60. Sub-Committee D examined the proposals. Our conclusion was that the Committee has no confidence that the new basic CFP Regulation agreed at that meeting, despite some positive features, will meet the objectives of sustainable fisheries and prevent irreversible decline in important stocks unless it is substantially improved.

61. In particular, the Committee deplores the fact that:

62. The Committee urges the Government to press hard for adoption by the Council of the following measures:

  • Introduction of effort controls, to work alongside TACs and quotas as appropriate;
  • Significant reductions in fishing fleet capacity, over and above those necessary to neutralise "technology creep";
  • Early progress towards the establishment of a Community Fisheries Control Agency;
  • Urgent establishment of Regional Advisory Councils;
  • Comprehensive gathering of economic data as well as scientific data, as a basis for objective long-term planning.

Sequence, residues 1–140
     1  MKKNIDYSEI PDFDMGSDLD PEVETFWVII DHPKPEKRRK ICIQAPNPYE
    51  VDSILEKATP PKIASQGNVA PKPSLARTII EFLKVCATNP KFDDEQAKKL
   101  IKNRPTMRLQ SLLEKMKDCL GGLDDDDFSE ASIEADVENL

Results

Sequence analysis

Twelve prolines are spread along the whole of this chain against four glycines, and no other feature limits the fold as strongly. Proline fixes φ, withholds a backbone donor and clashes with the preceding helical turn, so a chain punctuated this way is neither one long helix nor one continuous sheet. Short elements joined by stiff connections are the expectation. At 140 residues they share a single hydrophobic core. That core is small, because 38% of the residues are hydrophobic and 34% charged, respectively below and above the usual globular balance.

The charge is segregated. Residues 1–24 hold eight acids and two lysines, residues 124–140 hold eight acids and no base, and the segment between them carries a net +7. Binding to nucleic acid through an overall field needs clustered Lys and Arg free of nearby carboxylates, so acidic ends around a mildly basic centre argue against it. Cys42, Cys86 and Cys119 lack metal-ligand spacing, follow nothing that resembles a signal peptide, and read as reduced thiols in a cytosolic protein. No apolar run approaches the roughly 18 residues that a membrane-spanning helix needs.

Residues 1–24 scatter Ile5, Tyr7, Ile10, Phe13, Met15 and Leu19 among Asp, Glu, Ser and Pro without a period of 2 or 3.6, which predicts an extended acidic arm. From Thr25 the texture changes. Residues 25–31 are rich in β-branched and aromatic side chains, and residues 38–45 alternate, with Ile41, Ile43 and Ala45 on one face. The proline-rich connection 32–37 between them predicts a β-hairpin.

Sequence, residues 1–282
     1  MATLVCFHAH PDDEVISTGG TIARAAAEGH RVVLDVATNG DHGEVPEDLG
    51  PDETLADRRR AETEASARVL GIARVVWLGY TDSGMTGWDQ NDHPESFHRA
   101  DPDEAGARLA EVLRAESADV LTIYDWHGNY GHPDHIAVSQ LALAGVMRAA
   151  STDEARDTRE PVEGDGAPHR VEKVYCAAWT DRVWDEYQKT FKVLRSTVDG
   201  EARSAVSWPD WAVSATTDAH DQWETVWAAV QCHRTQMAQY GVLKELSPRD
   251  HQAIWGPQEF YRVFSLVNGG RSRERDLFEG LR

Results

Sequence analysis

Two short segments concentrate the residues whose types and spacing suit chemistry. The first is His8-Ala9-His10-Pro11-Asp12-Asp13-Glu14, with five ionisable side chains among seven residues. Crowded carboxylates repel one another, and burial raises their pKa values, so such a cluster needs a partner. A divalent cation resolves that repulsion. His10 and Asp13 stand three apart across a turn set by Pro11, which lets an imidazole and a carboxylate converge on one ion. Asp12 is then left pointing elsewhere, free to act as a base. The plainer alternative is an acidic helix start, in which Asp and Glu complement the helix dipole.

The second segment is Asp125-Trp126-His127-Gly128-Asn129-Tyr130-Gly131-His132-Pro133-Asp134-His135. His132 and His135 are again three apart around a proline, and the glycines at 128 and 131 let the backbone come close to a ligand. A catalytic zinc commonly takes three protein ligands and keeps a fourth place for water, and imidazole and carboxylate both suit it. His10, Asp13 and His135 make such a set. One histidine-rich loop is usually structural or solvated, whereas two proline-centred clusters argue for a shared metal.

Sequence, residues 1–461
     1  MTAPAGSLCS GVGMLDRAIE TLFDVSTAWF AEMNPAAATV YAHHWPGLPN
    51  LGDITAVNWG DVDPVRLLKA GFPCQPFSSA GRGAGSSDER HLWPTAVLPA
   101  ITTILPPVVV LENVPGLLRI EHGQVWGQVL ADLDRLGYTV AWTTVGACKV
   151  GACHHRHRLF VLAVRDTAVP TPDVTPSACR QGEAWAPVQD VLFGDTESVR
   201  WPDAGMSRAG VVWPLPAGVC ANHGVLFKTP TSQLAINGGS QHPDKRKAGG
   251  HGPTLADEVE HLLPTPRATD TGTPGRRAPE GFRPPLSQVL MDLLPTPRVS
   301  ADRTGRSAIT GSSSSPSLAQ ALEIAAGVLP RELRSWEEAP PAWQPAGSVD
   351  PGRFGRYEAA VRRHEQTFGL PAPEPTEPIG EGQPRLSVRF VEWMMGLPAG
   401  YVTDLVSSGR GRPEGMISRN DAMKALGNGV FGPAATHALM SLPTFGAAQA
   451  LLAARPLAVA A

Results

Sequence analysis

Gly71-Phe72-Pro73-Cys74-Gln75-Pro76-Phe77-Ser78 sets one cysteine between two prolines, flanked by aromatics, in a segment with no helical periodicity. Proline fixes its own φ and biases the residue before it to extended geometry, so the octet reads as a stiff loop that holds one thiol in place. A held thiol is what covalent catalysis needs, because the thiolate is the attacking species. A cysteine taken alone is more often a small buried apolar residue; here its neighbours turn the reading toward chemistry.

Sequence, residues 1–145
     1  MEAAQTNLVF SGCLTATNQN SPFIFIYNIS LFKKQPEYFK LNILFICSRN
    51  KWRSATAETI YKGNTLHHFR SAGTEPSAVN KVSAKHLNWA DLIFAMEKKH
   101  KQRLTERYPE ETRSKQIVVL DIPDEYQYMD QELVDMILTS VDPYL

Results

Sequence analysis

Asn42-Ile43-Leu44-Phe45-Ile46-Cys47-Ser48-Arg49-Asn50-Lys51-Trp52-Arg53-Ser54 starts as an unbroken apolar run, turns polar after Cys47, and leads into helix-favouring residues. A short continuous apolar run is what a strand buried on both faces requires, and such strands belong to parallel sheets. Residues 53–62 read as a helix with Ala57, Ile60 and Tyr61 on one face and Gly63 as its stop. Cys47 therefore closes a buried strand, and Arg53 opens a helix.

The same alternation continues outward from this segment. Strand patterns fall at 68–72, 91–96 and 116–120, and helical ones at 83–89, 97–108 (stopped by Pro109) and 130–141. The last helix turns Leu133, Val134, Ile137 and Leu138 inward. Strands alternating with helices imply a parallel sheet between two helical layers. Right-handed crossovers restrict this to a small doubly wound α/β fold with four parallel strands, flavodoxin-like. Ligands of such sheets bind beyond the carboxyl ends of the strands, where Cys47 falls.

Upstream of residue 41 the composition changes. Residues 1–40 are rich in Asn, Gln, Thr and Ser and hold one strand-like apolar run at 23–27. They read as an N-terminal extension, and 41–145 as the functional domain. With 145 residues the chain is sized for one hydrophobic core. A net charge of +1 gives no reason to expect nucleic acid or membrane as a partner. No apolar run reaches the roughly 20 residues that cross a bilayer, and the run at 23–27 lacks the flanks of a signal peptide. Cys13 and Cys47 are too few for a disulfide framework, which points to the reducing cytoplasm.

63. The Committee concludes that economic intervention in fisheries management is vital. We emphasise the importance of giving fishermen a genuine stake in the long-term financial management of fisheries and argues that transitional financial aid, linked to stock recovery plans, is needed to enable fishing communities to adjust to change.

64. The Committee urges the Government to promote diversification of coastal economies and the development of alternative employment opportunities. We strongly support the Commission's proposal to explore the possibility of decoupling FIFG resources from fishing activity in favour of investment in coastal communities.

11th Report 2001-02, HL Paper 71; 15th Report 1999-00, HL Paper 101. Back

15   This year we inquired into ESDP civilian operations the report was entitled 'EU-Effective in a Crisis?'. Back